Overcoming Perfectionism

Overcoming Perfectionism

April 20, 2022
Shari Steinbach
Career DevelopmentHuman Resources

By Shari Steinbach, MS RDN, RDBA Contributing Editor

There is an important different between being a high-achiever versus a perfectionist. While high-achievers are motivated to do their best, perfectionists are motivated by fear and can be paralyzed by thinking they may fail. This fear of failure can actually be so terrifying, that perfectionists may procrastinate taking action or simply avoid taking action altogether. And because of the unattainable standards perfectionists set for themselves, they often experience diminished self-esteem and excessive stress. If you have perfectionist tendencies, here are some ways to overcome.

  • Be aware of your tendencies – During work or at home, slow down and pay attention to your thoughts around perfectionism. Listen to your self-talk, and be aware of the ways you are letting perfectionism take hold in your life.
  • Allow yourself some mistakes – What you do well is icing on the cake, but you only learn and grow by making mistakes. Think of mistakes as necessary to help you develop into the person and professional you want to be.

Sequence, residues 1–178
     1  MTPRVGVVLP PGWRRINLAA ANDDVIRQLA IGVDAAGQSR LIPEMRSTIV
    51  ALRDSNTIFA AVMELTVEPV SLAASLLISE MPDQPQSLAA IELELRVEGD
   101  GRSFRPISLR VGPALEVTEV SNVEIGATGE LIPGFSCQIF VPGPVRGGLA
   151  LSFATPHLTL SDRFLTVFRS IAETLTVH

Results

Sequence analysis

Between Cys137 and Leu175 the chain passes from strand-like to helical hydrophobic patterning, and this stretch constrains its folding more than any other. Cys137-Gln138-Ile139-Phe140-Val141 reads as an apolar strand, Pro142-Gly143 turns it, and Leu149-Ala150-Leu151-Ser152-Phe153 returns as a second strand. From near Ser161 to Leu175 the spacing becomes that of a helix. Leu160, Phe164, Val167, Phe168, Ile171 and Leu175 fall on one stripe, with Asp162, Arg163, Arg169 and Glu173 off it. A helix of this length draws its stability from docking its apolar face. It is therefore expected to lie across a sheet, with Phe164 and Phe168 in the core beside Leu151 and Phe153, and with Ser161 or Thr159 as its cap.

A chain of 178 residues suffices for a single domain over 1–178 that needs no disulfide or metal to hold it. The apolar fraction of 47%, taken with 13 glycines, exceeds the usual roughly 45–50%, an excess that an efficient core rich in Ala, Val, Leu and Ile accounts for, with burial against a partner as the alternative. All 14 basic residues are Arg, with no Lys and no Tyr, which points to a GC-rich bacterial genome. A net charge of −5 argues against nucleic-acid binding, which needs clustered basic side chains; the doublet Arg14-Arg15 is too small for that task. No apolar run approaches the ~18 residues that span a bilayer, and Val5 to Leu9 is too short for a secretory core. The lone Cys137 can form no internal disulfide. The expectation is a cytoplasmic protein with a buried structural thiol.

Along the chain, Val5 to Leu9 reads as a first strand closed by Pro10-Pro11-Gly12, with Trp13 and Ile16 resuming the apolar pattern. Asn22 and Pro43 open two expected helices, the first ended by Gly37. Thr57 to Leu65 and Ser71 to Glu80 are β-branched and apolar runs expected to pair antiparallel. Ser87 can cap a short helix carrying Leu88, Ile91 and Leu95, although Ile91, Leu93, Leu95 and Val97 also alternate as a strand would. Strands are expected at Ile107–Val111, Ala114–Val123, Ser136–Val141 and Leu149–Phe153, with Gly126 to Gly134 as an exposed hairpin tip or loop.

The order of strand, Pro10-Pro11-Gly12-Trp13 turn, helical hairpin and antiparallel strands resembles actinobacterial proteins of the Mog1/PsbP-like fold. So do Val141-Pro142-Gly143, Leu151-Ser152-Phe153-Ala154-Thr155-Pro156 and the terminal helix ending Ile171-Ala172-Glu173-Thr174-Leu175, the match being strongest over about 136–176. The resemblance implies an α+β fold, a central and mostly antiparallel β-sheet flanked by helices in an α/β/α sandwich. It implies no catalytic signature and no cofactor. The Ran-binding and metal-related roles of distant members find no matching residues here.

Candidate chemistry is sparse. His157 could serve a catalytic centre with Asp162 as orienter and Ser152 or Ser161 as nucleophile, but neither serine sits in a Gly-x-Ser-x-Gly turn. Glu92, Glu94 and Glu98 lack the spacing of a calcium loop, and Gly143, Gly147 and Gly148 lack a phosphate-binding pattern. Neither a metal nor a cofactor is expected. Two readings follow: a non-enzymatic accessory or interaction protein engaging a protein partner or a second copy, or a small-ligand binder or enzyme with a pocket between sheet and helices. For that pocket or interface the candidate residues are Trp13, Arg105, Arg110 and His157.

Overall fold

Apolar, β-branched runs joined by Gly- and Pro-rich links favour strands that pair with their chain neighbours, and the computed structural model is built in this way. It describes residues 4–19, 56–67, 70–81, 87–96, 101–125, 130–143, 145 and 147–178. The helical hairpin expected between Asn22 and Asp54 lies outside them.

• Focus on the positive – Have you ever completed a project or presentation and can only remember what you know you did wrong? Make a conscious effort to focus on the good by identifying 2-3 positive things you appreciate from each work activity.
  • Set reasonable goals – Perfectionists often set unrealistic goals because their standards are so high. Try to set SMART goals that will leave you feeling less stressed and more confident in your ability to reach them. Make goals realistic, but challenging in a healthy way.
  • Accept constructive criticism – Taking all criticisms personally can lead to low self-esteem for perfectionists, but like mistakes, constructive criticism can help you learn and grow. Try to take a different look at criticism and consider it indespensible to help you do better.
  • Focus on meaning – Rather than trying to do everything perfect, shift your focus to finding meaning in what you do. If your work brings you joy and purpose, then it doesn’t really matter if it’s not perfectly done.
  • Eliminate negative influences – In today’s world it is important to monitor how things like social media or television can reinforce perfectionism. Avoid sources that glorify “hustle culture” to help you move away from feeling the need to be perfect.
  • Seek therapy - If you do find yourself continuing to struggle with perfectionism, therapy can help. Cognitive behavioral therapy (CBT) in particular has been shown to be effective for reframing your thoughts. Therapy can also help you to identify and understand your tendencies toward perfectionism and provide you with the right tools to move out of the perfectionism cycle.